Few topics bring up as much passion in Bendites as transportation and housing. On the first topic, the City of Bend is continually charged with balancing the needs of the greater whole—drivers, walkers, cyclists and disabled people alike—with the cries of the sometimes-outsized vocal minority.
While it's true that Bend needs more vehicle-transportation infrastructure to accommodate a growing population, city leaders should also remember that chipping away at some of the non-vehicle transportation infrastructure is not the way to move forward in a comprehensive, inclusive transportation plan.
- An example of a roadway set up for alternative transportation.
Here we look at two ways that non-drivers might see their right to safe, reasonable passage chipped away at presently.
Moving a Greenway
In a future phase of the plan, the City had planned to develop a Greenway along NW Milwaukee Avenue, to help non-drivers safely navigate the area around Newport Avenue. But in a recent re-design of that route, the plan has changed to move the Greenway back and forth, from Lexington Avenue and then back to Milwaukee. The new route will also force people to ride along busy NW 14th Street for one block. This change happened after, according to Bend Bikes, a business owner expressed concern about their ability to park delivery trucks on Milwaukee.
According to a statement on Bend Bikes' website, "Forcing families to ride on NW 14th Street is a poor substitute for the original design, which allows for a better flow and keeps family and children on safer roads."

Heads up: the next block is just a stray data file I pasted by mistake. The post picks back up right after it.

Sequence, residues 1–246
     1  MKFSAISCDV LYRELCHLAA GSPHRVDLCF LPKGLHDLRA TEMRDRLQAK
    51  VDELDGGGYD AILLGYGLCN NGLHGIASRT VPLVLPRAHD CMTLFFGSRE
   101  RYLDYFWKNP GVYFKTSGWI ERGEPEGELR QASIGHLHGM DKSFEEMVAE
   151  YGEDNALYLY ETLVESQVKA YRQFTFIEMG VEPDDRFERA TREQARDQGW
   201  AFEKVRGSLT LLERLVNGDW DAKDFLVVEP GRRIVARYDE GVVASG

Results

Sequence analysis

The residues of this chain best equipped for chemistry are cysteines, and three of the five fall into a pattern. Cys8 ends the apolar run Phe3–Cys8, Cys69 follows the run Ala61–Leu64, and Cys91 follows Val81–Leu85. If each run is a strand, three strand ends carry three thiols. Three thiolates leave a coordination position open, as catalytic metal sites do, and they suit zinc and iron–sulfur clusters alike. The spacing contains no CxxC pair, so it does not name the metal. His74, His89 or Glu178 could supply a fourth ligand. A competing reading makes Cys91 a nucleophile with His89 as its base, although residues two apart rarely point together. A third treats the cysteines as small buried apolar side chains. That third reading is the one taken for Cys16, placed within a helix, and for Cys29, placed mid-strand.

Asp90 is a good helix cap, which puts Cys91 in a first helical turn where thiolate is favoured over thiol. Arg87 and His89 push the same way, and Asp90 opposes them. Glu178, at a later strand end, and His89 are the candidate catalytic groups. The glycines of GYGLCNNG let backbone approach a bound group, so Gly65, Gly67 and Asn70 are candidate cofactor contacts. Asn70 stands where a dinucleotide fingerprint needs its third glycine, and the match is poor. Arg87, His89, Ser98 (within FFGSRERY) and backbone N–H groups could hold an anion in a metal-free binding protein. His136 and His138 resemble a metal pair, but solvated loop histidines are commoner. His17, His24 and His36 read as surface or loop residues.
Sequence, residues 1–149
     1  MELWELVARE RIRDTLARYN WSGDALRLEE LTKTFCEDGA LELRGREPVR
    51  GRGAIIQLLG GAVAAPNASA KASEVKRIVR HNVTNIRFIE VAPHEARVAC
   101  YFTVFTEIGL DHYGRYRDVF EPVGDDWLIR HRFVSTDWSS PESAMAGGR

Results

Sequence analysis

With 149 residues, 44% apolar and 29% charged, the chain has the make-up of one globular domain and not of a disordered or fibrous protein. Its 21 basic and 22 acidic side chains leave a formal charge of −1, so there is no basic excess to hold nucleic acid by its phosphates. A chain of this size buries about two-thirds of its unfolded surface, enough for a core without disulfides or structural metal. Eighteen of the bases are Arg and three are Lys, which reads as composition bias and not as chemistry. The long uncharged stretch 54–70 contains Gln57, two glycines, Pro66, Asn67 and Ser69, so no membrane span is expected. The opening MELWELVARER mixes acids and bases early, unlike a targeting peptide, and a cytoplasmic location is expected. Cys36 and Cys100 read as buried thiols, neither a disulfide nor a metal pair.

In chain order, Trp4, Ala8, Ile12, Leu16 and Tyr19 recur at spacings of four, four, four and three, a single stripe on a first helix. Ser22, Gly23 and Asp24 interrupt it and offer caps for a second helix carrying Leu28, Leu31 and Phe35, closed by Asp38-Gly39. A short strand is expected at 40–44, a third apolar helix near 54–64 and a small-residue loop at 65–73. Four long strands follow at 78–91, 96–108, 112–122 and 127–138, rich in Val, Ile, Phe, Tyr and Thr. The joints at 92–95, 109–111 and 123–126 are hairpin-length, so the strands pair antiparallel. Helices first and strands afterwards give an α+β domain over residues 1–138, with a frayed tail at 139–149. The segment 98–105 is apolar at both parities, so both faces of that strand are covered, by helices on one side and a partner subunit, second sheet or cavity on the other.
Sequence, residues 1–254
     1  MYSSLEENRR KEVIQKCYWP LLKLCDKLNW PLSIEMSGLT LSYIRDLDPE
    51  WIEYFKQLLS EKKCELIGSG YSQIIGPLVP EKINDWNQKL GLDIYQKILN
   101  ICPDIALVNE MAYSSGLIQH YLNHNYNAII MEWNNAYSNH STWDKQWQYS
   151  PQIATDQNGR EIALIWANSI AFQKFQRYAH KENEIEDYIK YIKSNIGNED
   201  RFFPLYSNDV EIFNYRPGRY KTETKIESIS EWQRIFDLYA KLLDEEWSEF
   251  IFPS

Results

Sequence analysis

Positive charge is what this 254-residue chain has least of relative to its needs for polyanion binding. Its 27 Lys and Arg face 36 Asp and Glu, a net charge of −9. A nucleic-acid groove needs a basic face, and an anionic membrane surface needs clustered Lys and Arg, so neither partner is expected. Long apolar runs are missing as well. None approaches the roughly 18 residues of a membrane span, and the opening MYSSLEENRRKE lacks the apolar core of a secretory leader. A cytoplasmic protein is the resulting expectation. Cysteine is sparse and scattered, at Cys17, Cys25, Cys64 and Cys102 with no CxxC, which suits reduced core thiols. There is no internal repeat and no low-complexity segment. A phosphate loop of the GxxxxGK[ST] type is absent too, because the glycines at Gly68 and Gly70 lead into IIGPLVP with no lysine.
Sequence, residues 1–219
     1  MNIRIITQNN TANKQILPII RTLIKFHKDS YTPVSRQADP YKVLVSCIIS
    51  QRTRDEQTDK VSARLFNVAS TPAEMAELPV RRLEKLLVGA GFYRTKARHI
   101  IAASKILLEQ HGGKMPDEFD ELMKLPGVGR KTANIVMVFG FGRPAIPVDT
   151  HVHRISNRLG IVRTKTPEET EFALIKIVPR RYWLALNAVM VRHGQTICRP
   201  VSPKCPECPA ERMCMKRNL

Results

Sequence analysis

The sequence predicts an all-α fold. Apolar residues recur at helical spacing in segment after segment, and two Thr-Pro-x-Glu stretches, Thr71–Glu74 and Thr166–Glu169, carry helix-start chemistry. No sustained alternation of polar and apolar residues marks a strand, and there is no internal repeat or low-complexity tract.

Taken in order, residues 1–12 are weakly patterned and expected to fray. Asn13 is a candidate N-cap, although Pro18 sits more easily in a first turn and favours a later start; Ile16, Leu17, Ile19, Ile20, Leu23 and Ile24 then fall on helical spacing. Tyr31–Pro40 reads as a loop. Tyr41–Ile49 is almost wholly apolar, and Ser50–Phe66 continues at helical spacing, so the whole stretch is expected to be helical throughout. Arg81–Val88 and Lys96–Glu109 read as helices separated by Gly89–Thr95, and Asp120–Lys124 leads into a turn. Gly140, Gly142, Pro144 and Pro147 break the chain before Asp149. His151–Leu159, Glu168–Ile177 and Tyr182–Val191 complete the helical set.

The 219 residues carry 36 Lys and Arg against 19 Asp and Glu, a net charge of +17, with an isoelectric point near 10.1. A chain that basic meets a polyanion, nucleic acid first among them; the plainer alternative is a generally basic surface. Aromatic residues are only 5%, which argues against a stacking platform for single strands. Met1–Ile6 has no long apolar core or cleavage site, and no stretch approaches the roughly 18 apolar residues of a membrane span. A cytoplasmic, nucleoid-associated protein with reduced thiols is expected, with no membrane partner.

We agree. A confusing Greenway that zigzags back and forth between multiple streets doesn't make it easy to navigate, doesn't "provide safer connections," in this case, and signals to others that a complaint from a single business—a single vocal minority—is enough to outweigh a plan that helps the wider community get around safely.
Allowing Exceptions for SidewalksMeanwhile, neighbors in the Wood River Village neighborhood of Bend believe their neighborhood's makeup is so special and unique that they don't need to fall under the City's current rules about installing sidewalks when a homeowner significantly improves a home. The City is considering granting that neighborhood an exception.
Sure, the streets there are narrow and not well-traveled—but instead of allowing the entire neighborhood to be granted an exception to a rule that the rest of the city must continue to follow, we believe the City could work toward middle ground.
How about establishing an exception for a neighborhood such as this to build sidewalks on just one side of the street? While it means homeowners on just one side of the street would be forced to install sidewalks when they add onto their homes, it also means that we're not delving into precedent-setting territory where a small vocal minority gets an exception that other neighborhoods can then use to get out of the work of pedestrian safety themselves. Sidewalks, as painfully slow as they're being built in Bend, are important for another, perhaps less-vocal portion of the population, including kids, non-drivers and those in wheelchairs.
If drivers believe getting around safely and efficiently is their birthright, they should be prepared to extend the same right to people who don't use the roads and transportation corridors in the same way. Leaders at the City of Bend should not chip away at the small things that make streets safer for non-drivers.